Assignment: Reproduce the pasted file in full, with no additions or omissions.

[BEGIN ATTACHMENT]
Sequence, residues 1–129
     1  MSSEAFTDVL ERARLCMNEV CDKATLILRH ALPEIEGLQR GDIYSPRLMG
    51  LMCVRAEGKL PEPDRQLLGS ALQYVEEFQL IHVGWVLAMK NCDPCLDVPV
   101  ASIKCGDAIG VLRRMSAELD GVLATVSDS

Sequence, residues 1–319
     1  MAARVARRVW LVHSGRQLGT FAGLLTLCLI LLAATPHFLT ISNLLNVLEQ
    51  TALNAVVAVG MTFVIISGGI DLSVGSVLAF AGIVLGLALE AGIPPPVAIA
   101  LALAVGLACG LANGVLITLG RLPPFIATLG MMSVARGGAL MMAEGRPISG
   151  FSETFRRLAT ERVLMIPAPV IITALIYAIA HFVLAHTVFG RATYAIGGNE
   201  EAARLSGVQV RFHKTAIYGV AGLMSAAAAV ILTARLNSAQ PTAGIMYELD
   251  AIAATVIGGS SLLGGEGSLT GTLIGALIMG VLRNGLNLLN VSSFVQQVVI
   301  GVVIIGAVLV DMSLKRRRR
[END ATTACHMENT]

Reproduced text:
Sequence, residues 1–129
     1  MSSEAFTDVL ERARLCMNEV CDKATLILRH ALPEIEGLQR GDIYSPRLMG
    51  LMCVRAEGKL PEPDRQLLGS ALQYVEEFQL IHVGWVLAMK NCDPCLDVPV
   101  ASIKCGDAIG VLRRMSAELD GVLATVSDS

Sequence, residues 1–319
     1  MAARVARRVW LVHSGRQLGT FAGLLTLCLI LLAATPHFLT ISNLLNVLEQ
    51  TALNAVVAVG MTFVIISGGI DLSVGSVLAF AGIVLGLALE AGIPPPVAIA
   101  LALAVGLACG LANGVLITLG RLPPFIATLG MMSVARGGAL MMAEGRPISG
   151  FSETFRRLAT ERVLMIPAPV IITALIYAIA HFVLAHTVFG RATYAIGGNE
   201  EAARLSGVQV RFHKTAIYGV AGLMSAAAAV ILTARLNSAQ PTAGIMYELD
   251  AIAATVIGGS SLLGGEGSLT GTLIGALIMG VLRNGLNLLN VSSFVQQVVI
   301  GVVIIGAVLV DMSLKRRRR